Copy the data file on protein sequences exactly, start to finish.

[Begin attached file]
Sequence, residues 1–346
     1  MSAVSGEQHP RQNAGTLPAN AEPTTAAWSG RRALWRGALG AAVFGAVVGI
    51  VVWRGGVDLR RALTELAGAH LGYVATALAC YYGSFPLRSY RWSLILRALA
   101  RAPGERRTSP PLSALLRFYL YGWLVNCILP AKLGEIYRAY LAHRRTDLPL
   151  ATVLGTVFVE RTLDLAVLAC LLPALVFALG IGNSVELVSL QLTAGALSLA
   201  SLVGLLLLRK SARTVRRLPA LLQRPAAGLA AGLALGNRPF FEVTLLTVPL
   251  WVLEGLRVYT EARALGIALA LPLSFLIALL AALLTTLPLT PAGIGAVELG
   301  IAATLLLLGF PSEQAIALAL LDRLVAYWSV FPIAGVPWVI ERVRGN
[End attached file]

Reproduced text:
Sequence, residues 1–346
     1  MSAVSGEQHP RQNAGTLPAN AEPTTAAWSG RRALWRGALG AAVFGAVVGI
    51  VVWRGGVDLR RALTELAGAH LGYVATALAC YYGSFPLRSY RWSLILRALA
   101  RAPGERRTSP PLSALLRFYL YGWLVNCILP AKLGEIYRAY LAHRRTDLPL
   151  ATVLGTVFVE RTLDLAVLAC LLPALVFALG IGNSVELVSL QLTAGALSLA
   201  SLVGLLLLRK SARTVRRLPA LLQRPAAGLA AGLALGNRPF FEVTLLTVPL
   251  WVLEGLRVYT EARALGIALA LPLSFLIALL AALLTTLPLT PAGIGAVELG
   301  IAATLLLLGF PSEQAIALAL LDRLVAYWSV FPIAGVPWVI ERVRGN